When I started my very first blog 3 years ago, (Always Rise Blog), alongside my dormant YouTube channel at the time (Khalipha Ntloko), I did this because, at that particular moment in time, I felt like there weren’t enough black, female and Cape Town-based YouTubers and bloggers for me to look up to as I started discovering various aspects of myself in varsity. Of course, location isn’t really the biggest problem when it comes to finding a source of inspiration (I mean, I look up to Beyonce and she’s living her best life continents away), but there’s something about a more localised role model that helps me better connect with them, and look to them for guidance on how to navigate my way because they’ve already been there.
So I took the age old saying “Be the change you want to see in the world” and figured I would try fill this gap and become the very role model I was looking for in Cape Town. Fast forward to a couple of years later, and a decently established personal brand under my belt, I still find that my journey as a content creator is continually growing. But with that comes all these doubts about my work – more so, wondering if I am actually seen as the creative individual I consider myself to be.
I remember reading a tweet from someone, saying how ‘slept on’ and not-so-recognised my creative work is – particularly the beauty portraits I’ve fallen in love with capturing. I couldn’t help but agree with them because it left me thinking “Why doesn’t my high quality photos ever reach the 500 Like mark?”, or “Why am I not seen for all the hours I put into a single photo or video?” and “How come my content is not nearly as viewed as the next creator?”
Comparison really is the thief of joy, because I fell into this slump of thinking that perhaps I shouldn’t actually be creating content when I am so small and unrecognised compared to other creators with a higher following or views on their video content. Then again, how on earth can I expect to be seen and recognised if I have a limiting and comparative mindset like this?
While I was watching a Peter McKinnon YouTube vlog, I came across a fellow YouTuber named Cody Wanner, who shared his philosophy of #NoSmallCreator. In a nutshell, he doesn’t believe that the words ‘small’ and ‘creation’ can be in the same sentence because creation is so big, vast, and unlimited that adding the word ‘small’ to it is an oxymoron; a kind of impossible concept.
A light bulb switched on in my head then, and my ‘Why’ for being a content creator resurfaced beneath all the doubt that had clouded me.
You see, much like my old blog and YouTube channel, I aim to inspire people with the content that I create – from photos and videos to blog posts like this one, and much like creation, inspiration is not limited to a set amount of people. No matter how small I may feel, or how my following may be even smaller compared to other fantastic creators, the numbers will never take away from the fact that my creations are worthy to be seen – whether by 10 people or 10 000.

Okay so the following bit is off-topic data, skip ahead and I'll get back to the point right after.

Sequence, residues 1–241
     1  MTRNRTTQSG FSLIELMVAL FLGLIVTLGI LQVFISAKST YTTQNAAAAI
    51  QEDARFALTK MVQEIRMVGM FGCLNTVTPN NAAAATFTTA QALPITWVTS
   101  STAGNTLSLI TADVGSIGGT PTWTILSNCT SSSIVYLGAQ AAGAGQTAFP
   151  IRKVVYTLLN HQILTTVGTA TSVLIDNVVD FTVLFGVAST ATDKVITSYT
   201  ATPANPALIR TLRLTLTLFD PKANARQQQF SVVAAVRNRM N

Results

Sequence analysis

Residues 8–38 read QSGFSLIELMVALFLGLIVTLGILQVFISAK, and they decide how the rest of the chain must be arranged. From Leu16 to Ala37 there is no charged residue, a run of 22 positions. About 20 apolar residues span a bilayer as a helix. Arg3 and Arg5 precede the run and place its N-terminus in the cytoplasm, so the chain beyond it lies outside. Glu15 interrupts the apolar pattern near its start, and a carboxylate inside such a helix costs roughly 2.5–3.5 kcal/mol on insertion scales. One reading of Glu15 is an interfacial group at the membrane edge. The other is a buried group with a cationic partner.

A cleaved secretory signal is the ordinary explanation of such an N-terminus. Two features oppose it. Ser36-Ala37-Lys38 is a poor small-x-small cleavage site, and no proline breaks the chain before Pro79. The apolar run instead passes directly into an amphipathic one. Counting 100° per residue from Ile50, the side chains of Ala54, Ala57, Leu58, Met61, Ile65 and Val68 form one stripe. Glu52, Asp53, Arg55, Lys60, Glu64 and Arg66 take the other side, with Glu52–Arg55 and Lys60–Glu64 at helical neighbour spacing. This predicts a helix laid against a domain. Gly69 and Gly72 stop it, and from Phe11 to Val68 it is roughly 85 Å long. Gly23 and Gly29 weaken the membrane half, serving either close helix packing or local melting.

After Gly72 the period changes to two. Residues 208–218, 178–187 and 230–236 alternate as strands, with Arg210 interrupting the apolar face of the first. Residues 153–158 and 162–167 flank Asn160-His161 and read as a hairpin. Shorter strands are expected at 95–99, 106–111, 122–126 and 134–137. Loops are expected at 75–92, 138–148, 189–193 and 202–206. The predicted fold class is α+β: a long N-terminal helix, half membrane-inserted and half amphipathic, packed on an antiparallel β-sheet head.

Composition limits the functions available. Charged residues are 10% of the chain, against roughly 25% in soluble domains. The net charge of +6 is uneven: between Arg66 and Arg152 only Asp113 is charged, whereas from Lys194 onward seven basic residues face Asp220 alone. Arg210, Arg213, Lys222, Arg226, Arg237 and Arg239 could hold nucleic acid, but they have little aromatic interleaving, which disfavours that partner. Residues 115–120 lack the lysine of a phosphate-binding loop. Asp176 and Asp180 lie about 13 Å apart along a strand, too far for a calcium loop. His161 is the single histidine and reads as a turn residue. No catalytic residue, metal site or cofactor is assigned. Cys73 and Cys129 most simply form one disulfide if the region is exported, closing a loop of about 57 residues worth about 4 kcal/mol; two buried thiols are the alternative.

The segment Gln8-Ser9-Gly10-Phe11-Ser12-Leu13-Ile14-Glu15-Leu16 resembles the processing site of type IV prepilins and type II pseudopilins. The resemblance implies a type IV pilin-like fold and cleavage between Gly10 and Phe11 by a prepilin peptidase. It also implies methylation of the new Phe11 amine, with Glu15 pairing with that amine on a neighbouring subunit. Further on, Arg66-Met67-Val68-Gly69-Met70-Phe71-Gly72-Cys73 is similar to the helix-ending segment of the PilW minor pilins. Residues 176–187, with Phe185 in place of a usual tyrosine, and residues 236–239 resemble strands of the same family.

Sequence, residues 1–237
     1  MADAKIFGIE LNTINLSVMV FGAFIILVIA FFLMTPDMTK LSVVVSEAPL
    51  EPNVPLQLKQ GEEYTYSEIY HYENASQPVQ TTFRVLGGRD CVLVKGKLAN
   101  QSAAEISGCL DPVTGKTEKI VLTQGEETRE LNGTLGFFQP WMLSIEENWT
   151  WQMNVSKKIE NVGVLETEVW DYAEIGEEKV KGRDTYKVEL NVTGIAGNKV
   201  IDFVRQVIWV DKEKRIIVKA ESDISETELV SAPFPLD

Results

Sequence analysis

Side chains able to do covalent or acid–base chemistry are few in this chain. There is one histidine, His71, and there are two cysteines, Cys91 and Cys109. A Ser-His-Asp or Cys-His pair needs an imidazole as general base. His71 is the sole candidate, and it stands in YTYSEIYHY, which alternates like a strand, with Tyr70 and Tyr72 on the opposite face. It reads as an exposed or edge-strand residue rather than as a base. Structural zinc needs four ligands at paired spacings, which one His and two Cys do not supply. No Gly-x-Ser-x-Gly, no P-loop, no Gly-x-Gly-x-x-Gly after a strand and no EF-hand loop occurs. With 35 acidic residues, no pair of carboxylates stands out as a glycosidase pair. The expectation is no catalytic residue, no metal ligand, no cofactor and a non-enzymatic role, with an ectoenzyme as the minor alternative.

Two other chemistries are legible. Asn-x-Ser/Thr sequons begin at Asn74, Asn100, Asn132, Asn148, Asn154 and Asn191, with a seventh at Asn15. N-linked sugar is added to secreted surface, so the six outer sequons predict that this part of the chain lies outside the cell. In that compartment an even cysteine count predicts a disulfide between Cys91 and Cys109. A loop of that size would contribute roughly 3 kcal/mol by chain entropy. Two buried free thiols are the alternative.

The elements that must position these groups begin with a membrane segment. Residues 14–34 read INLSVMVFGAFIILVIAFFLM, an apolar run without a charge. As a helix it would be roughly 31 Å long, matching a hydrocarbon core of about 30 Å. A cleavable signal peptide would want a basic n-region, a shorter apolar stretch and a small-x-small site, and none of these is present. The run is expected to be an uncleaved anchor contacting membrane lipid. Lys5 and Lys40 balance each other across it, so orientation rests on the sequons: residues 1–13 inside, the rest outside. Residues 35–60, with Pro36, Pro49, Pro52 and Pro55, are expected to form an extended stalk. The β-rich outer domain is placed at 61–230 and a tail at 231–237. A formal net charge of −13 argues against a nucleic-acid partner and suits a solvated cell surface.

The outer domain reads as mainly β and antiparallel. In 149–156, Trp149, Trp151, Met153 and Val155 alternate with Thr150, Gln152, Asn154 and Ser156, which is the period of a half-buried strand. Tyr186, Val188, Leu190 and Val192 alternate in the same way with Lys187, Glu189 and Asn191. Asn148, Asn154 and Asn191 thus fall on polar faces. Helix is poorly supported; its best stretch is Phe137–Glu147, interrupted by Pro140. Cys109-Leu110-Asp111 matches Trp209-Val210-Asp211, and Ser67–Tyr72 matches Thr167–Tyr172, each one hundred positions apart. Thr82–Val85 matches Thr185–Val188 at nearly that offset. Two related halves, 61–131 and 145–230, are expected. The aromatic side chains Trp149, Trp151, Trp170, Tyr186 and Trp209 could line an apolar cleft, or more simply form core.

I’m all about being real, transparent and authentic in all that I do, and if I have 1 person who picks up on that very vibe that I try to emanate, then I’m doing something right. I finally gathered myself, remembered how far I have already come as a content creator and set myself on a new journey of expanding my content because there’s a genuine and deep-rooted passion for it; something I hope is at the core of what you do too (no matter what that is).
Being seen goes beyond wondering whether or not other people can see me and my creations. It’s also about the steps I’m taking to make sure that my light is shining. Am I actively reaching out to brands? Have I found ways to collaborate with other creatives to help increase the success of both our work? What have I done today that betters the quality of content I’ll deliver tomorrow?
It was a big step for me, to rebrand my blog and get it to look and feel the way it does now, and the same lingering thought of whether or not I would rebrand my YouTube channel gnawed at me for weeks this year. That creative itch just never went away, and I found myself taking another big step in my creative career and returned to YouTube with a video you can click here to watch.
Like always, I hope you’re left feeling inspired to keep creating. I don’t know when I’ll get recognised for my own work, but seeking validation from outside myself won’t be a very satisfying experience. The numbers will come and praises will be sung, but until then, don’t ever feel like you’re too small to be a content creator. Your work is valuable, often in the eyes of people you had no idea where looking. So keep on creating, because no matter how ‘small’ of a creator you may feel, I promise that your work will be seen!
Love & Light,
3 thoughts on “Do You See Me, Creatively?”
This post really just made my day. I read it at a time when, I too, was beginning to doubt myself as a content creator. The numbers game can really get you down when you’re giving it your all, but I love how you’ve also outlined being honest with ourselves as to whether we’re doing enough.
Thanks for this, Khalipha! Completely inspired!
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Messages like this really mean the world to me! Thank you so much Refiloe for reading it! It can be easy to quickly not take accountants for what we’re doing to make sure others are seeing our work – I’ve had to be critical of this for myself. But as long as you’re inspired, I am nothing but utterly joyful!